The title Nature’s Concerto: Music from Heaven, Earth, and Man refers to Dunhuang’s 1,600-year history and the Forbidden City’s 600-year history. The concert chronicles the thousand-year relationship between heaven, earth, and mankind through music and cultural relics. The entire programme comprises works by the Ensemble’s two resident composers, inspired by the paintings and Buddhist statues inside the Dunhuang caves, as well as artefacts, architecture and stories from the Forbidden City. Some of the music is inspired by the ancient pipa score from the Tang Dynasty, performed on instruments modelled in the spirit of ‘Ancient Songs for Heritage, Ancient Scores in Practice’, reverberating both in time and space.


UMBRA: Double Concerto for Ondes Martenot, Cello and String Orchestra with Musicus Soloists Hong Kong
Musicus Society Limited (Hong Kong)

With its world premiere at the Salle Gaveau in Paris scheduled for November 2024, UMBRA by award-winning composer Seung-Won Oh (Amsterdam/South Korea) is poised to enthrall audiences throughout Asia and around the world.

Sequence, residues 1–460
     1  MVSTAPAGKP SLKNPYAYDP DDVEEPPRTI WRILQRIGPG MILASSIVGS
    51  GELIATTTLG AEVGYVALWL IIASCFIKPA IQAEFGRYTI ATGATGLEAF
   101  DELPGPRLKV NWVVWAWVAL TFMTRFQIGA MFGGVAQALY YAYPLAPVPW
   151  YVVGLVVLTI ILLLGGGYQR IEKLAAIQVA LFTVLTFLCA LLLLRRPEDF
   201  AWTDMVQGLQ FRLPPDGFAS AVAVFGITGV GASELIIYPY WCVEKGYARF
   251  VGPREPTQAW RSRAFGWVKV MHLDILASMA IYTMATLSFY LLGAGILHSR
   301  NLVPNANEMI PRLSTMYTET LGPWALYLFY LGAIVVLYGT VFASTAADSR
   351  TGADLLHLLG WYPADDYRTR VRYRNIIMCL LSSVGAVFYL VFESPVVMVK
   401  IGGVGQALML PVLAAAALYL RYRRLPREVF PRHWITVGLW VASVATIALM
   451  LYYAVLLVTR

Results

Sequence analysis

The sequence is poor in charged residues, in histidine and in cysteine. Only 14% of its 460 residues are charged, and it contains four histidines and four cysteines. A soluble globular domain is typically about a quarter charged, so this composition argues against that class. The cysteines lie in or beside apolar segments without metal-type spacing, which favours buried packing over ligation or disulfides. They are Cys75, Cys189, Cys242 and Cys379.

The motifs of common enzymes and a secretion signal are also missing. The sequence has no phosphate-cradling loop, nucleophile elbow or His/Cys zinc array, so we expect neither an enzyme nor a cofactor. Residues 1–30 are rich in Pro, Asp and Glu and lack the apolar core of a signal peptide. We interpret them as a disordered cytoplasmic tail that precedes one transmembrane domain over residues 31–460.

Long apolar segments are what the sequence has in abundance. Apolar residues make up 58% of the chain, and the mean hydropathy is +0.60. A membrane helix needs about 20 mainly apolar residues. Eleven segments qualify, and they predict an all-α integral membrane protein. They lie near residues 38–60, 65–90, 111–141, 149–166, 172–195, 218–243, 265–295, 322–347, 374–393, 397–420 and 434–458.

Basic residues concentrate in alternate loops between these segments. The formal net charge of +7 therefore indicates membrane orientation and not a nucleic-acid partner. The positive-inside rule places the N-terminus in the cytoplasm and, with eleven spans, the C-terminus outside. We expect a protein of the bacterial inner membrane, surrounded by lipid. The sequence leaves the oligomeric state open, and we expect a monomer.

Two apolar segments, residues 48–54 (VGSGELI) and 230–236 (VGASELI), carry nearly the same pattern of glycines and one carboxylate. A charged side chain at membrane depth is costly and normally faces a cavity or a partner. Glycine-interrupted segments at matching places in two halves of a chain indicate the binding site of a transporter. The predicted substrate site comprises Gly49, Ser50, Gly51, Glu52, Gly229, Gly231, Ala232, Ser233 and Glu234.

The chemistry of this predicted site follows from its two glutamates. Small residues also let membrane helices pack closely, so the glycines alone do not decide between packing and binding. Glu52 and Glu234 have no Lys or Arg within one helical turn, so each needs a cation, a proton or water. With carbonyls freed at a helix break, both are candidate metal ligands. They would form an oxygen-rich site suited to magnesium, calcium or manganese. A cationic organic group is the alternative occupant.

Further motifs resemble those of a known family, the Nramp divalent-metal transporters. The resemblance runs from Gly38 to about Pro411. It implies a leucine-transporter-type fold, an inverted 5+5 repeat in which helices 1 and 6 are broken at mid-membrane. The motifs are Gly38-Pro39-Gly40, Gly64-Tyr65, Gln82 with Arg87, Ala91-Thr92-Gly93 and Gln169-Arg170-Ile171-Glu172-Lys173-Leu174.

UMBRA is composed especially for the extraordinary talents of Asia’s foremost string chamber orchestra, Musicus Soloists Hong Kong (MSHK), with the virtuosity of world-renowned cellist Trey Lee (Berlin/Hong Kong) and the acclaimed mastery of ondes Martenot player Nadia Ratsimandresy (Paris).

UMBRA not only showcases a fusion of diverse musical elements but also serves as a testament to the transformative power of cross-cultural collaboration, inviting audiences on a transcendent journey where tradition and innovation intertwine. The double concerto can be combined in programmes with a wide range of chamber orchestral repertoire to suit audiences and venues.

This exciting new work merges the dynamic energy of the strings with the emotive depths of the solo cello and the otherworldly soundscape of the ondes Martenot, one of the oldest electronic instruments from the early 20th century. It explores the mix of aesthetics, stretching existing stylistic conceptions associated with these instruments, and for performance without a conductor. The smaller ensemble size makes this genre economically and environmentally more viable for touring than large orchestras while promoting accessibility to highly valuable, exciting and challenging live concerts for both large concert venues and more remote regional audiences internationally.